Where a Mining Proposal and/or Notice of Intent has been approved under the Mining Act before 1 July 2011, DMP requires that tenement holders undertake a review of existing mine closure plans and rehabilitation plans and submit them to DMP by 30 June 2014. For projects that are not administered under the Mining Act or where mine closure has not been assessed by the EPA, proponents are expected to liaise with DMP environmental officers to ensure that mine closure planning and implementation is consistent with the Guidelines.

The Guidelines sets out the structure and content of a Mine Closure Plan. The Plan should include a legal obligations register which identifies closure obligations and commitments under state and federal legislation, as well as individual tenement conditions. All legally binding documents relevant to the mine must be referred to in the register, including Mining Proposals, Notices of Intent, Letters of Intent, Programmes of Work, and Ministerial Statements. The Plan must also identify post-mine land uses and site-specific closure objectives consistent with those land uses.

Responsibility for remediation

Mine sites that the WA Department of Environment Regulation (DER) classifies as ‘contaminated – remediation required’ must be cleaned up. The Contaminated Sites Act 2003 (WA) (CS Act) sets out a hierarchy of responsibility for contamination. Those potentially responsible for remediation are listed below:

  • the polluter
  • an owner/occupier who changes the existing land use to a more sensitive use
  • the owner of land
  • directors of an insolvent body corporate
  • a mortgagee in possession, and
  • the State.

The WA Contaminated Sites Committee is given broad discretion to determine responsibility for remediation from this hierarchy and can allocate responsibility to more than one party. For contamination caused before 1 December 2006 (the date the CS Act came into force), the ‘polluter’ is responsible but only to the extent that the act causing the contamination was done without lawful authority. The concept of ‘lawful authority’ excludes an act that contravenes a permit, lease, approval or authority granted under a written law in force at the time the act occurred. This means that a person who contaminates a mine site in contravention of a mining lease or other approval granted under the Mining Act will be responsible for cleaning up the site. For contamination caused after 1 December 2006, generally the person who caused the contamination will be responsible for remediation whether or not the act was done with lawful authority.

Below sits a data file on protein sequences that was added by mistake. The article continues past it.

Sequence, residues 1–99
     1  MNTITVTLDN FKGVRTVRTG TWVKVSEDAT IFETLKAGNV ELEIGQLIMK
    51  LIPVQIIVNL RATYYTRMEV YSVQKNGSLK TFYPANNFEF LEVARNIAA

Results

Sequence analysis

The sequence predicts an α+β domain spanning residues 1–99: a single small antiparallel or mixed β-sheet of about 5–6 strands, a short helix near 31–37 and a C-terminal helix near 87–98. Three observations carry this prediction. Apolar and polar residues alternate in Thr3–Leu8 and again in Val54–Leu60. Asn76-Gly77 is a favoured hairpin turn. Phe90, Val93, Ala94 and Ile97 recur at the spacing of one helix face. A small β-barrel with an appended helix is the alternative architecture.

It follows that an operator or tenement holder may retain liability for contamination of a mine site after the tenement has been relinquished. This is consistent with section 114B of the Mining Act which provides that the surrender of a mining tenement does not affect the liability of the person who was the holder of the tenement for any act done under or in relation to it.